Tulsi plant in Indian culture

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Tulsi plant in Indian culture

Source: Wikipedia

Discussed species Ocimum tenuiflorum (Holy Basil)
Description Ocimum tenuiflorum, Holy Basil (also tulsi, tulasī), is an aromatic plant in the family Lamiaceae which is native throughout the Old World tropics and widespread as a cultivated plant and an escaped weed.[1]. Tulsi is cultivated for religious and medicinal purposes, and for its essential oil. It is widely known across South Asia as a medicinal plant and an herbal tea, commonly used in Ayurveda, and has an important role within the Vaishnavite tradition of Hinduism, in which devotees perform worship involving tulsi plants or leaves.

Use of Tulsi in Ayurveda

Tulsi flowers

Tulsi has been used for thousands of years in Ayurveda for its diverse healing properties. It is mentioned in the Charaka Samhita ,[2] an ancient Ayurvedic text. Tulsi is considered to be an adaptogen,[3] balancing different processes in the body, and helpful for adapting to stress.[4] Marked by its strong aroma and astringent taste, it is regarded in Ayurveda as a kind of "elixir of life" and believed to promote longevity.[5]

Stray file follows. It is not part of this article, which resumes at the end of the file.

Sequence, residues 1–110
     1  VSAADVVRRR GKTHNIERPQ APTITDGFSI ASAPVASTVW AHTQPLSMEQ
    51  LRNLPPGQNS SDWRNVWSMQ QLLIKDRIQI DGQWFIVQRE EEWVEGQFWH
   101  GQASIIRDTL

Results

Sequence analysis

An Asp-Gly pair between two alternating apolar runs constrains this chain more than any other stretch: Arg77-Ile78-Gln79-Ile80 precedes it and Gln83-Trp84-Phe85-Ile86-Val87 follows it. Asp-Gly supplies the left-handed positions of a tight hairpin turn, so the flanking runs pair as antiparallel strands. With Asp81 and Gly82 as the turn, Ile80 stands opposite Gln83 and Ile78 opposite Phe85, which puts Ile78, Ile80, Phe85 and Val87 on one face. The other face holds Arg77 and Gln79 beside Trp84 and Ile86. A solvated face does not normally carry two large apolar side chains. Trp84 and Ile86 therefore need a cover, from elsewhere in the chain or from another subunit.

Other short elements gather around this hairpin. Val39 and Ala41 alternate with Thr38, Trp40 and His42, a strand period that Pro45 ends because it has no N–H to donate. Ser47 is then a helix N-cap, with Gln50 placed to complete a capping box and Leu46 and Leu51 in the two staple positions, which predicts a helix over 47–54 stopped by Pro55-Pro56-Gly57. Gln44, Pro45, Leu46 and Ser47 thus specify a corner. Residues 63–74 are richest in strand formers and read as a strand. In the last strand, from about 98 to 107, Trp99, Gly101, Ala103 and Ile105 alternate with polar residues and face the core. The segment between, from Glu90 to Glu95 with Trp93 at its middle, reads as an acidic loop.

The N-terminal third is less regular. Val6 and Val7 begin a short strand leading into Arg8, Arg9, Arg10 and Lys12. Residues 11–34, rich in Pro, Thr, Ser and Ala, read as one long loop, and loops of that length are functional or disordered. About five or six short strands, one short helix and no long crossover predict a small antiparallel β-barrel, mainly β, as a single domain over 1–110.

Tulsi extracts are used in ayurvedic remedies for common colds, headaches, stomach disorders, inflammation, heart disease, various forms of poisoning, and malaria. Traditionally, tulsi is taken in many forms: as herbal tea, dried powder, fresh leaf, or mixed with ghee. Essential oil extracted from Karpoora tulsi is mostly used for medicinal purposes and in herbal cosmetics, and is widely used in skin preparations due to its antibacterial activity. For centuries, the dried leaves have been mixed with stored grains to repel insects.[6]

Tulsi in Hinduism

An altar with tulsi for daily worship in a courtyard in India

Tulsi or tulasi is a sacred plant for Hindus and is worshipped by Hindus as the avatar of goddess Lakshmi. Water mixed with the petals is given to the dying to raise their departing souls to heaven.[7] Tulsi, which is Sanskrit for "the incomparable one", is most often regarded as a consort of Krishna in the form of Lakshmi.[8][9] According to the Brahma Vaivarta Purana , tulsi is an expression of Sita.[10] There are two types of tulsi worshipped in Hinduism: "Rama tulsi" has light green leaves and is larger in size; "Shyama tulsi" has dark green leaves and is important for the worship of Hanuman.[11] Many Hindus have tulsi plants growing in front of or near their home, often in special pots. Traditionally, tulsi is planted in the center of the central courtyard of Hindu houses. It is also frequently grown next to Hanuman temples, especially in Varanasi.[12]

In the ceremony of Tulsi Vivah, tulsi is ceremonially married to Krishna annually on the eleventh day of the waxing moon or twelfth of the month of Kartika in the lunar calendar. This day also marks the end of the four-month Cāturmāsya period, which is considered inauspicious for weddings and other rituals, so the day inaugurates the annual marriage season in India. The ritual lighting of lamps each evening during Kartika includes the worship of the tulsi plant, which is held to be auspicious for the home. Vaishnavas especially follow the daily worship of tulsi during Kartika.[13]